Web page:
When I was 18 I moved into a share house in Carlton, Victoria which was owned by Melbourne University. The mould problem was so bad that there were mushrooms growing in the living room carpet. (Unsurprisingly, the property was sold in the '90's for over a million). We speak to a lot of renters about their problems with mould. It's hard to prevent and hard to treat in poorly ventilated rental properties. It's hell for those of us who get allergies or asthma, my allergies are at the level where I get desensitisation injections every couple of years to ensure that I'm able to breathe and not feel like I constantly have the flu, and yes, one of my allergies is mould.
What is mould?
Mould quite simply is a type of fungi. There are thousands of known species of mould, they come in a range of colours and shapes. They can be black, white, green, or grey, some are powdery, others shiny. Some moulds are highly visible and emit a strong odour whilst others are barely seen. Different types of mould have different properties, for example, Conidia can lie dormant for decades, Aspergillus can survive in a dormant state for up to 22 years and Penicillium can survive for up to 10 years. Every species of mould has slightly different preferred levels of RH, temperature and PH, mould reproduces and spreads by releasing airborne spores which land on other surfaces and grow.
What is the harm?
Mould itself is not harmful in all capacities, blue cheese and mushrooms are enjoyed in many parts of the world. However people who have allergies or breathing diseases or disorders, such as asthma are extremely sensitive to the effects of mould spores, individuals who suffer from compromised immune systems are particularly prone to infections caused by black mould.
What causes mould?
To grow, mould needs a damp warm environment, typically found in poorly ventilated areas of the home such as bathrooms and laundries where condensation builds. Condensation is caused when warm moist air meets a cold surface such as a wall or window. The air cools and some of the moisture changes to drops of water. If the area stays damp, mould will grow. You may also find mould in less accessible areas such as inbetween walls, underneath carpets and wallpaper and in the ceiling.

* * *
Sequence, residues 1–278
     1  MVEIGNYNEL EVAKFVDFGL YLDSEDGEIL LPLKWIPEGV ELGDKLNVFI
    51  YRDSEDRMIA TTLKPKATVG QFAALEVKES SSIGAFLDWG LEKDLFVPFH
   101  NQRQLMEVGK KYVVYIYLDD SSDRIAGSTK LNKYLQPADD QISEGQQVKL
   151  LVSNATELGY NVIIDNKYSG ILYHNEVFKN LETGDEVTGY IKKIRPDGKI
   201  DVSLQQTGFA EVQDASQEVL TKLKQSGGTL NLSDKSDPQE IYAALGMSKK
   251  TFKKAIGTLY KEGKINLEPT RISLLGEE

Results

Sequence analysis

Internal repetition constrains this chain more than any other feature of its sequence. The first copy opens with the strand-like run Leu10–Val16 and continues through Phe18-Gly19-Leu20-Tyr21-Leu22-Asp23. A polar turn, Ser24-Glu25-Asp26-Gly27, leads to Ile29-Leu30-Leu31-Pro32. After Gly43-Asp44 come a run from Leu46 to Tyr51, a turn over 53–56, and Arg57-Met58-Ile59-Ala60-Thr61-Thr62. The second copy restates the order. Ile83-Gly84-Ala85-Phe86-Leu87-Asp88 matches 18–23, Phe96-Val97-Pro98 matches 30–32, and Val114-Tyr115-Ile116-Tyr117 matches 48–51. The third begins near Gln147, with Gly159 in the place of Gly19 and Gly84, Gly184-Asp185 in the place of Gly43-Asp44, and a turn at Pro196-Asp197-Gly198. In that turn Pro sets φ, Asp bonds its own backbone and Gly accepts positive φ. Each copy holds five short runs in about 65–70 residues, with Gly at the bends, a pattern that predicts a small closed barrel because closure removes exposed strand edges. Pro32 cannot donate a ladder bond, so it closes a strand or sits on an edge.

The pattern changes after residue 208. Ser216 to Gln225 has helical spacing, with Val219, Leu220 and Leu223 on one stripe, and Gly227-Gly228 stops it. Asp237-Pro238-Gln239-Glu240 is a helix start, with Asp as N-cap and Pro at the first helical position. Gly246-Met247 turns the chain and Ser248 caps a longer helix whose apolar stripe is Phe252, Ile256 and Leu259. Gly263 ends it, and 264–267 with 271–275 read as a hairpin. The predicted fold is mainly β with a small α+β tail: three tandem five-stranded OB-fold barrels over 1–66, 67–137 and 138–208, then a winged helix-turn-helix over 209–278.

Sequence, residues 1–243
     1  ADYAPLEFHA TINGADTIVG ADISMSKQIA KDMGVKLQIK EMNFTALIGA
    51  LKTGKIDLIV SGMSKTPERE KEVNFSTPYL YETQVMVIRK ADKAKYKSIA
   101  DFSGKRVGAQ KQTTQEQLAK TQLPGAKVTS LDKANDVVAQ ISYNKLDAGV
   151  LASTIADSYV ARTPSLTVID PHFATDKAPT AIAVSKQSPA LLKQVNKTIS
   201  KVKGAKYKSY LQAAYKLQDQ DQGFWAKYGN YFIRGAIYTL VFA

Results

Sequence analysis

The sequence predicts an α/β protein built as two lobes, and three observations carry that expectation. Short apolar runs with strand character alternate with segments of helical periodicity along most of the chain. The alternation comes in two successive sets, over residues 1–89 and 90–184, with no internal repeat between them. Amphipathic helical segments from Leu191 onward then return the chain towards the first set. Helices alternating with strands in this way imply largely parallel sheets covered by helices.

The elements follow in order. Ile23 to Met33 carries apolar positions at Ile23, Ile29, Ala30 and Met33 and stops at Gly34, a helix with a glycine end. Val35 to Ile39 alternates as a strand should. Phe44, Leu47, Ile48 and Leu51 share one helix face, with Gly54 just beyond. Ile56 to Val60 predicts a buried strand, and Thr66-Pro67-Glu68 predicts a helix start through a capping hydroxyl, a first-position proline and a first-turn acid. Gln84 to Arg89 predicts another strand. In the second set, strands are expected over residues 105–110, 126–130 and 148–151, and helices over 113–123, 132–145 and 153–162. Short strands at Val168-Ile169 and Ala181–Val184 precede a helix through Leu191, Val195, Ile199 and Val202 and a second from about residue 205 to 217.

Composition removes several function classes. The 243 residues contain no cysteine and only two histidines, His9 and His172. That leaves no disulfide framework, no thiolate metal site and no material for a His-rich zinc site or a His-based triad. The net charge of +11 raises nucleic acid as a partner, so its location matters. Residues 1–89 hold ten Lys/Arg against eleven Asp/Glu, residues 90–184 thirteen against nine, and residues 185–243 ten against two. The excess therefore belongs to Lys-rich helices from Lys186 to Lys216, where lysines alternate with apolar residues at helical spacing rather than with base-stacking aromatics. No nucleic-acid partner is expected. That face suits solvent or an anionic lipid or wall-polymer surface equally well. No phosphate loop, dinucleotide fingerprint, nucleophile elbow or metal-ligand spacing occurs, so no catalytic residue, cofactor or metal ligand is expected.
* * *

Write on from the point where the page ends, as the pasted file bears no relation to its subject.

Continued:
What are my rights?
In Australia there are no minimum standards in rental properties so there's no impetus for landlords to provide adequate insulation and wet area ventilation. I have personally viewed many rental properties whilst searching for places to live and found them covered with mould, particularly in the bathrooms.
In all states of Australia each State's respective residential tenancies acts detail that Landlords have a duty to make sure that the properties they rent out are in reasonably clean condition (ACT 1995) and that they are kept in good repair (VIC 1997) a reasonable state (SA 1995) clean and good repair (QLD, 2008). However the legislation fails to define the notions of 'clean', 'reasonable state' and 'good repair'. If your health is significantly affected by mould then it is reasonable to expect that efforts are made by the landlord to minimise the growth of mould, such as providing a ventilation outlet in the bathroom. Obviously such requests should be made in writing. All states do have a provision to request urgent emergency repairs for conditions such as a fault or damage likely to injure a person, damage property or unduly inconvenience a tenant but whether a landlord will consider the growth of mould an urgent repair is anyone's guess.
This compares poorly to other countries such as the UK and US where mould is treated as a significant health problem. In California, the Department of Health Services require landlords to disclose to current and prospective tenants the presence of any known or suspected mould. Landlords in New York must follow the Department of Health's guidelines for indoor air quality and in San Francisco, tenants (and local health inspectors) can sue landlords under private and public nuisance laws if they fail to clean up serious problems.